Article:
The American College of Health Care Administrators wraps up its annual convocation in Las Vegas today. The meeting theme of “High Stakes: Leadership Excellence” has brought together long-term care administrators, educators, consultants and other individuals seeking solutions and training for the myriad of leadership, management and regulatory challenges facing the long-term care community today and in the near future. Some of the themes of the meeting include:

  • Leadership excellence — how do we define it, how do we provide it in models of care across a variety of long-term care services, and the five qualities of Passion, Competency, Communication, Flexibility and Ownership outlined by keynote speaker Harry Paul.
  • Mentoring programs for new long-term care administrators — how the long-term care field can attract and retain new administrators despite regulatory challenges,  and how ACHCA’s national mentoring program for new administrators can address these issues.
  • Risk management and hospital readmissions — what are some programs, tools and strategies for reducing hospital readmissions from nursing homes and improving risk management and resident safety, as well as QAPI programs.
  • Culture change in long-term care — what is it, how to implement it and case studies of effective implementation.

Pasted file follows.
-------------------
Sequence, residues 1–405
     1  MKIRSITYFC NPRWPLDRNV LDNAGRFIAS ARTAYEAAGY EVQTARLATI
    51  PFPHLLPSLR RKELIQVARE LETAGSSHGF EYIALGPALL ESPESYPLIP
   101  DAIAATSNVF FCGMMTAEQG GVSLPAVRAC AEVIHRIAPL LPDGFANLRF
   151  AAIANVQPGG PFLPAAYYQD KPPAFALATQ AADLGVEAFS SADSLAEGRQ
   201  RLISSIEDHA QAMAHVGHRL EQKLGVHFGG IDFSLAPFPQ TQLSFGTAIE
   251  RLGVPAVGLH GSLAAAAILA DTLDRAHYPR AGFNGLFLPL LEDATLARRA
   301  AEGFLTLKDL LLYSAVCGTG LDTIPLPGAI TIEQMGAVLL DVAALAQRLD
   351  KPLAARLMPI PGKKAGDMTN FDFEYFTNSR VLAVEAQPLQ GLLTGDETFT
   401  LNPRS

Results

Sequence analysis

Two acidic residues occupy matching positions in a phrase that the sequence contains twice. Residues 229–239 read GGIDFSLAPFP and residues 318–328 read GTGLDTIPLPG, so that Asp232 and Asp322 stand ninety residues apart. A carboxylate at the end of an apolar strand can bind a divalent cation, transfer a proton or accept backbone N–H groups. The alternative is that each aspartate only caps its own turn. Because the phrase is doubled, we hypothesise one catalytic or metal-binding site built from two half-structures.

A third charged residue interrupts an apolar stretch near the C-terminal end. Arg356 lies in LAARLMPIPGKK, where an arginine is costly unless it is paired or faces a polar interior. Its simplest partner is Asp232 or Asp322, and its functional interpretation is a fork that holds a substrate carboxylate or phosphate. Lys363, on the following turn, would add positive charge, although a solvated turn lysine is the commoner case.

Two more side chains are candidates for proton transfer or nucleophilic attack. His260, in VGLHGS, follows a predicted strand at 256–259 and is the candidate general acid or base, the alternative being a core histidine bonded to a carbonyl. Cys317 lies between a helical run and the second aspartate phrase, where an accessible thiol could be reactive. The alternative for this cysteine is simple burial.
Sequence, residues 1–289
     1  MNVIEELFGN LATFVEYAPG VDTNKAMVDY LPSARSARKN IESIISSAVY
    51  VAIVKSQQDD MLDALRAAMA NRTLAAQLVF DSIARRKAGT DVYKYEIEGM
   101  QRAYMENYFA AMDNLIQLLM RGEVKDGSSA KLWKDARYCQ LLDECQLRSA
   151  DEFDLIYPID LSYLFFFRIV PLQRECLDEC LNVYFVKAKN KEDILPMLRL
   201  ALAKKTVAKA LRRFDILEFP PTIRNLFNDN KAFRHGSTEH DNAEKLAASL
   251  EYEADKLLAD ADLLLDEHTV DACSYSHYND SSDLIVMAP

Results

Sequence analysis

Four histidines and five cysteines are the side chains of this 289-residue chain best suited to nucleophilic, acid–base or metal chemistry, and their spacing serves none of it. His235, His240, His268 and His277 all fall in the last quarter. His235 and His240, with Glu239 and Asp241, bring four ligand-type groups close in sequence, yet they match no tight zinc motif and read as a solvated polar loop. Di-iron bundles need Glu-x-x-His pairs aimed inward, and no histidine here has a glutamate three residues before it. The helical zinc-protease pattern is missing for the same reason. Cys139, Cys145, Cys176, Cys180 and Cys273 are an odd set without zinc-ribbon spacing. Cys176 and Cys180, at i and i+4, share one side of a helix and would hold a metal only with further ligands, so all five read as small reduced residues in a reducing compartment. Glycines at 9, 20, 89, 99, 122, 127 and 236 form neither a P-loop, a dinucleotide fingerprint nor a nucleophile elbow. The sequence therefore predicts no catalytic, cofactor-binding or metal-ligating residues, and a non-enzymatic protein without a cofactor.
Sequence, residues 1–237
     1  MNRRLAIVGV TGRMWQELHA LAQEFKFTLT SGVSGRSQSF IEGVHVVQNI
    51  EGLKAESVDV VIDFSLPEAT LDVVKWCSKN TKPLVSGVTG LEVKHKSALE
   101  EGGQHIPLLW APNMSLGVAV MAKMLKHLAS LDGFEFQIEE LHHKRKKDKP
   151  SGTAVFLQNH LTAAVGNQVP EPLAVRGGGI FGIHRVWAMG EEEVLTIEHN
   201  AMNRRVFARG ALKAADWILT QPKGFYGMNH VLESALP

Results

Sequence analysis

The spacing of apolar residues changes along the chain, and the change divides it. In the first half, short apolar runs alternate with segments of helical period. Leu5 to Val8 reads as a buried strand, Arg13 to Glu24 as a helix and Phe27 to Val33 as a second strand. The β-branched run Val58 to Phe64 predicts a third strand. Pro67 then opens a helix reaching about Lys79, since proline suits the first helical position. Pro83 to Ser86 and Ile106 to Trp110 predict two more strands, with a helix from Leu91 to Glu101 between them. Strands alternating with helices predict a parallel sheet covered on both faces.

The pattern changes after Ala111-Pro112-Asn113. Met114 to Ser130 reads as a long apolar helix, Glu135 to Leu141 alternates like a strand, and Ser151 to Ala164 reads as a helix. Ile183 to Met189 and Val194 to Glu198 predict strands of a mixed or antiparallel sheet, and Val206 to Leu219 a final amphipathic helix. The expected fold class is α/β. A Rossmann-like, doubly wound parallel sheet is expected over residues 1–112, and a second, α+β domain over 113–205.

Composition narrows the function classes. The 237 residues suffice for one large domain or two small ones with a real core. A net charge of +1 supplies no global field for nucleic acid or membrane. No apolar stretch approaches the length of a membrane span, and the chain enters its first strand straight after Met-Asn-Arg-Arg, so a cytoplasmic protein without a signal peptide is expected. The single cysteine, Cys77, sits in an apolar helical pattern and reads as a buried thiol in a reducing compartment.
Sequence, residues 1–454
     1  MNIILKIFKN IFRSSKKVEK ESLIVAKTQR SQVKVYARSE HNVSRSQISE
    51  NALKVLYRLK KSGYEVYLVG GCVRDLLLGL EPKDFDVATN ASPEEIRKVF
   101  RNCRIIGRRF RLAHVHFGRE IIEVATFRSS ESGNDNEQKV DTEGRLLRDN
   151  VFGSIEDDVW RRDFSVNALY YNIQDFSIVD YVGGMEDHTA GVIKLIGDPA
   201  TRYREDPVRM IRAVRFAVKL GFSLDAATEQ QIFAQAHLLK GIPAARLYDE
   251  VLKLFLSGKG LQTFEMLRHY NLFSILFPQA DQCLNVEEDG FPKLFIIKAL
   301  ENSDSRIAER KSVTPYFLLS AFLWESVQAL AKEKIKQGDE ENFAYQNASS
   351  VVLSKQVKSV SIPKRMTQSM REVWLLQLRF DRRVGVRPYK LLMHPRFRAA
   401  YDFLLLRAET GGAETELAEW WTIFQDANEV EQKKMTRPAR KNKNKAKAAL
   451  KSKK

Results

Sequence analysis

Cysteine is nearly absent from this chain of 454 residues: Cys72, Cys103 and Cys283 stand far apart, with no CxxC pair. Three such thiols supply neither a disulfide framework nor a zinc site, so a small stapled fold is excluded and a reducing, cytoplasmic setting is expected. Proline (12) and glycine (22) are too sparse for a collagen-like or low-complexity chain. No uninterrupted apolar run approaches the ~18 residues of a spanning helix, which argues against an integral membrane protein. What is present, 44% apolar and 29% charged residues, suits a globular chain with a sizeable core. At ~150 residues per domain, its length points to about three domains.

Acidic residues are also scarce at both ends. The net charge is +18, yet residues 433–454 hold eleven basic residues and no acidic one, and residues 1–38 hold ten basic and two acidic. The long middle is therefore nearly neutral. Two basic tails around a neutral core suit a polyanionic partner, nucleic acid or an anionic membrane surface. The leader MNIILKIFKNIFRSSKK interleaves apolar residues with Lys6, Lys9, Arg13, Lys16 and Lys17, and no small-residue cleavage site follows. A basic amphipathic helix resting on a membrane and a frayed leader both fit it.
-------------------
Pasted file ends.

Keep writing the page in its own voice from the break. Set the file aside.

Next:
• Effective compliance programs — from OIG initiatives, Medicare audits, the impact of the Jimmo ruling on therapy services and injury prevention programs, to an overview of PEPPER reports for skilled nursing facilities, targeted initiatives can help resident outcomes.

What is most inspirational about this annual event is seeing the awards for leaders of facilities across the United States for excellence in leadership along with recognition of seasoned and new administrators in the field, and hearing the reasons why they choose to be a long-term care administrator. Comments range from wanting to be part of the “noble profession” to wanting to make an impact in the lives of others and their families. Long-term care administration students from across the United States also have an important role in the events with a special poster session for presentation of their research, and an introduction to national mentoring program activities.

While long-term care administrators certainly have their challenges ahead of them in the near future, it is rewarding to see that new entrants to the field are interested in management opportunities and experienced administrators are willing to share their knowledge and strategies for success. The high stakes are apparent, but some solutions and tools have been provided by the College at this event for promoting leadership excellence.

Mary Helen McSweeney-Feld, Ph.D. is an Associate Professor in the Health Care Management Program, College of Health Professions, at Towson University in Towson, Maryland. She is a member of the American College of Health Care Administrators’ Academy of Long-Term Care Leadership and Development, and a member of the National Association of Long-Term Care Administrator Boards’ Education Committee.